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Any cyclists?

Discussion in 'Anything goes' started by Dick Whitman, Jun 30, 2010.

  1. Dick Whitman

    Dick Whitman Well-Known Member

    I'm thinking about buying a bicycle to get in shape, but I don't know where to start. $100 Wal-Mart special? $5,000 lean machine? I do know that I want a road bike and not a mountain bike - I want to be like the guys I see riding past me with wearing the helmet and the Tour de France-style get-up.

    But I have no idea where to begin.
     
  2. Shoeless Joe

    Shoeless Joe Active Member

    Do not buy a department store piece of crap. They are junk and heavy, likely not to fit which means you won't enjoy riding.

    You can spend $500 or so for a decent entry level road bike. I'd go ahead and drop another couple hundred if possible on maybe a step up from bottom. They entry level bike will not have the greatest components and you'll out grow them quickly, wanting to upgrade. Both bikes will have the same frame but you'll get more bang for your buck and be happier with a little bit more initial outlay.

    You don't have to go full blown carbon with top end components to enjoy the ride. An aluminum bike is fine but make sure it has a carbon front fork. I'd recommend going with 105 level components. Ultegra is better, but I'd save the money and buy a good set of wheels to go on the 105 bike.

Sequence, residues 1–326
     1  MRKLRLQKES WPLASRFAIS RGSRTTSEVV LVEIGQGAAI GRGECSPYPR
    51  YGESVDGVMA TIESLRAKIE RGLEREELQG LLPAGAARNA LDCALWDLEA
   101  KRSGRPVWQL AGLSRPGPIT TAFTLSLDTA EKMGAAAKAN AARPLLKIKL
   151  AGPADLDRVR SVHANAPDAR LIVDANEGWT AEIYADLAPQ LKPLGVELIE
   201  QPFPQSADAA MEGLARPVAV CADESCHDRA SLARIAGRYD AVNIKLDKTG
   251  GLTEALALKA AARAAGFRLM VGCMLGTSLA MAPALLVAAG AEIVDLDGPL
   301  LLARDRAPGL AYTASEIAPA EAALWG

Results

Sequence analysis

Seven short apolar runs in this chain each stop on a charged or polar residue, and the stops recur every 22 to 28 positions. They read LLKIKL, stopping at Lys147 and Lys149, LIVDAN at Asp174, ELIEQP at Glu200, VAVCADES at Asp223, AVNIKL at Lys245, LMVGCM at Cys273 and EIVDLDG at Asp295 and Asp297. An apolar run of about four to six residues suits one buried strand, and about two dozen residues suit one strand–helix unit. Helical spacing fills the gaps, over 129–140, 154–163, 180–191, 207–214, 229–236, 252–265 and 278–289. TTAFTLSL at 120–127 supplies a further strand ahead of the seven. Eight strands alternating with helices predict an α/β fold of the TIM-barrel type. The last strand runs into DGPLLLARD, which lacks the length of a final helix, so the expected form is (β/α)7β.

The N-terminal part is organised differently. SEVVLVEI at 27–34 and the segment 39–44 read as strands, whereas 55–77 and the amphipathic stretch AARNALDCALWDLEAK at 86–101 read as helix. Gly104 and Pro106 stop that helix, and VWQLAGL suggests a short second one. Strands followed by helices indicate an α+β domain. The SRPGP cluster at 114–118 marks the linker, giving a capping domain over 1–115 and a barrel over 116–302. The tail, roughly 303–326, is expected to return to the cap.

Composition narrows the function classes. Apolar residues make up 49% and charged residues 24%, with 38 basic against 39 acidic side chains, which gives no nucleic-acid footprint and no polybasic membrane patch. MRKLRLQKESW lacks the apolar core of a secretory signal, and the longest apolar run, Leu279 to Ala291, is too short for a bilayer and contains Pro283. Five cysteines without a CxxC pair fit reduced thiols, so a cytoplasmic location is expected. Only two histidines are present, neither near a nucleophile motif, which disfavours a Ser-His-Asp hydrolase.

3. Azrael

    Azrael Active Member

    No department store bikes. Ever. And you don't need to spend $5k on a bike until you're sure you like cycling.

    - go to an online message board like bikeforums.net and start reading.

    - then ask around/go online to find the your most trusted local bike shop. Especially one that sells used bikes.

    - go there and explain your situation. Have them fit you (free) for a bike. Fit is everything.

    - spend as little as you can for a bike that meets your immediate needs, not your fantasies.

    - ride the hell out of it for six months, then decide if you want to upgrade.

    good luck
     
  4. Shoeless Joe

    Shoeless Joe Active Member

    You wouldn't go wrong with any of these.
    Also, if you live near a Performance Bikes they have some good deals on their own bikes.


    http://www.giant-bicycles.com/en-US/bikes/model/defy.2.compact/3882/37099/